The Grand River Dam Authority (GRDA) Board of Directors on Friday afternoon advised the public to “stay out of Grand Lake waters” as a result of the significant and growing presence of Blue Green Algae (Cyanobacteria).
“We strongly discourage any body contact with the water at this point,” said GRDA Corporate Communications Director Justin Alberty. “That means no swimming or any other activities that would bring you into contact with lake water.”
The reason behind this advisory is due to the rapidly changing conditions of the Blue Green Algae levels and areas in the lake, added Alberty. Earlier in the week, Blue Green Algae was discovered and confirmed in several locations of Grand Lake.
GRDA issued a “Blue Green Algae Fact Sheet” notice on the web Thursday June 30 urging the public to be aware of “possible outbreaks on Grand Lake” and to contact the GRDA Ecosystems Department or the Oklahoma Department of Environmental Quality if they had “suspicions” of “other” outbreaks.
After further monitoring, the GRDA release says, “it appears there is the potential for the algae to be in all the major coves and areas of the main lake.”
“Test results from late Thursday afternoon showed Blue Green Algae toxicity at higher levels than before, and this is a situation that continues to develop rapidly. We strongly discourage anyone from getting into the lake at this point.”
Blue Green Algae are microscopic organisms that are naturally present in lakes and streams, usually in low numbers. However, the algae can become abundant in shallow, warm water that receives heavy sunlight. While most Blue Green Algae are not toxic, toxins can be produced in some algae blooms. That is what has occurred on Grand Lake and continues to develop.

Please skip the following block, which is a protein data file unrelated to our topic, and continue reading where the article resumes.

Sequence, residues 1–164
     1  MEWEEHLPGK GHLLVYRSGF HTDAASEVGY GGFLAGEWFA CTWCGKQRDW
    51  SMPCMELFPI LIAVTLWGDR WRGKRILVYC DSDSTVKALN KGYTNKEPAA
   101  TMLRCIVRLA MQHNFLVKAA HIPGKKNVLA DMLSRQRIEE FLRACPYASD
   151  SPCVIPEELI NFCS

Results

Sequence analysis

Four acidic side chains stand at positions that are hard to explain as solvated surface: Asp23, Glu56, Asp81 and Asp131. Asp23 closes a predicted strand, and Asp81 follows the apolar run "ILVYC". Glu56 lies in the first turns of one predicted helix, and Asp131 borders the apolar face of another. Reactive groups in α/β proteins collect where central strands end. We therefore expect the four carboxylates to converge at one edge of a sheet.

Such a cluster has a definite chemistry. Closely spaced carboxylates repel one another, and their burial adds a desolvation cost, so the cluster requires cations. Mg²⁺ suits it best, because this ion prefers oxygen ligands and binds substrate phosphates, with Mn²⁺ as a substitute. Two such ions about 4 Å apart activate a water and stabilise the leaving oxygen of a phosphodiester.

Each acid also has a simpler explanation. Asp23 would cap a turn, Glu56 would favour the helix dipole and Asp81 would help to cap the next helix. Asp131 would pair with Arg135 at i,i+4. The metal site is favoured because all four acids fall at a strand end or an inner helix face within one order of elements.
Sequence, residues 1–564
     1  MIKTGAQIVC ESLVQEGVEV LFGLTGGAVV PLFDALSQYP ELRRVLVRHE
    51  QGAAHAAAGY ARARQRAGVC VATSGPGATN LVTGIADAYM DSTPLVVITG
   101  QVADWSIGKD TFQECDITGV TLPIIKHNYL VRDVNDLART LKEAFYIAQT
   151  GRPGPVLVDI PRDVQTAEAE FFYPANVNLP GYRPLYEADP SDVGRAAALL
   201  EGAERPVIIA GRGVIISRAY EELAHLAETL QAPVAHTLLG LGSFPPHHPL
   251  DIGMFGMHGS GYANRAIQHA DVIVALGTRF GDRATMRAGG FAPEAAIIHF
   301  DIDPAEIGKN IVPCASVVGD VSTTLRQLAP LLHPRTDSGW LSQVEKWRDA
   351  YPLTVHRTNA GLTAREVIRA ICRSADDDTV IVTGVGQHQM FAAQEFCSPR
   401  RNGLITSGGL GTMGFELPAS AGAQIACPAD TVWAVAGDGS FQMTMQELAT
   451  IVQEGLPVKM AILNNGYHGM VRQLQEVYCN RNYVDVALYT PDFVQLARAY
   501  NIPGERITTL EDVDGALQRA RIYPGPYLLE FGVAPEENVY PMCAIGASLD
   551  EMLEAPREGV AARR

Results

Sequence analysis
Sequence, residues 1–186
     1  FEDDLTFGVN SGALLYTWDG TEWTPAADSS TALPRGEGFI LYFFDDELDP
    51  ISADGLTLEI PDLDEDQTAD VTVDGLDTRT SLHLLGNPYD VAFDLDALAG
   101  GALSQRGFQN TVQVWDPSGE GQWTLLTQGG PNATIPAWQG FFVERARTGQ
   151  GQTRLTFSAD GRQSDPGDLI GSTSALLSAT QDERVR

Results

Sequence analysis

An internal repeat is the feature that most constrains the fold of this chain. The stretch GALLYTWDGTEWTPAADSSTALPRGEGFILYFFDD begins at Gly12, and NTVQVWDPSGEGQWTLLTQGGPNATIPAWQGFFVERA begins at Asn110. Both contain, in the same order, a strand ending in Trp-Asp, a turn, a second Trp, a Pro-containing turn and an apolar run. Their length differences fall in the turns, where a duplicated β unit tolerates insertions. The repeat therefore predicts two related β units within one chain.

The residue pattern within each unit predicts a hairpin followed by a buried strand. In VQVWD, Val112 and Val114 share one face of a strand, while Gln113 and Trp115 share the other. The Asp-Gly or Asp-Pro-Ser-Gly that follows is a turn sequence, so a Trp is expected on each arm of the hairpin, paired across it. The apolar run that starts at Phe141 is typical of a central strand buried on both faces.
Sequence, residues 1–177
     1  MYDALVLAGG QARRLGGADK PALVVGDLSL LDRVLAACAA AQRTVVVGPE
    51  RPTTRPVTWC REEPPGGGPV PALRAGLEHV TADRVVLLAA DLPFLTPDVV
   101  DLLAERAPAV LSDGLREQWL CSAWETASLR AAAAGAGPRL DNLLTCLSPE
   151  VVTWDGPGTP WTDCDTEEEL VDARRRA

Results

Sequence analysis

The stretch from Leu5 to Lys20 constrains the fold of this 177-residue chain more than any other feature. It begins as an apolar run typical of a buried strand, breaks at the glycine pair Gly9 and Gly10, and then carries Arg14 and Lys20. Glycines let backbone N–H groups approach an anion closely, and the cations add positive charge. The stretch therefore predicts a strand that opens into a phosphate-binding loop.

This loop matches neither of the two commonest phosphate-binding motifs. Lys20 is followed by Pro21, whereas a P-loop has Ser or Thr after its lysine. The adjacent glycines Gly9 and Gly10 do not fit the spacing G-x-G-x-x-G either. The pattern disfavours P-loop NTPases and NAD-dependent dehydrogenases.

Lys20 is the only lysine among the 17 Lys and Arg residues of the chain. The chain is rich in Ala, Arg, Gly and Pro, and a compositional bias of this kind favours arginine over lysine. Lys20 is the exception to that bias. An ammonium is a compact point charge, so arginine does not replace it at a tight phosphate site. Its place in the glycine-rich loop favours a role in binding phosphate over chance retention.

“Both the GRDA Ecosystems Department and the Oklahoma Department of Environmental Quality (DEQ) have monitored this issue for several days, and its safe to say that it has rapidly progressed, even in the last 24 hours,” said Alberty.
BGA can cause skin irritations and damage to the liver and central nervous system. According to the Oklahoma Department of Environmental Quality, Blue Green Algae is thick like pea soup. It often looks like paint or thick green pea soup on the water. On shore, it can form a thick mat on the beach. It’s typically found in shallow, stagnant, warm water that gets a lot of sunlight.
Contact with Blue Green Algae can be harmful. The toxins produced by Blue Green Algae may cause a variety of reactions, most commonly, upper respiratory problems, eye irritation, vomiting, and diarrhea. The DEQ suggests you avoid any swimming, water skiing, boating – and that a physician be called if you or someone you know comes in contact with the algae.
Because children typically weigh less than adults, they are vulnerable to smaller quantities of the toxins which can trigger a more severe effect.
If animals consume or inhale Blue Green Algae it can lead to severe illness and even death. Contact your veterinarian or emergency animal clinic if your pet has been exposed.
For more click here for the Wikipedia summary of Cyanobacteria.
Gov. Mary Fallin encouraged Oklahomans planning on going to Grand Lake over the Independence Day holiday weekend to not cancel their plans.
Fallin said her family planned a trip to Grand Lake for this weekend and is still going. She says there’s a lot to do around Grand Lake even if the lake water is off-limits.
Grand Lake is a significant recreational area with public pools and golf courses, fireworks shows, an air show, free concerts and numerous tourist attractions with special events this holiday weekend Fallin said. She says she’s concerned about the economic impact of the water issue for hundreds of small businesses.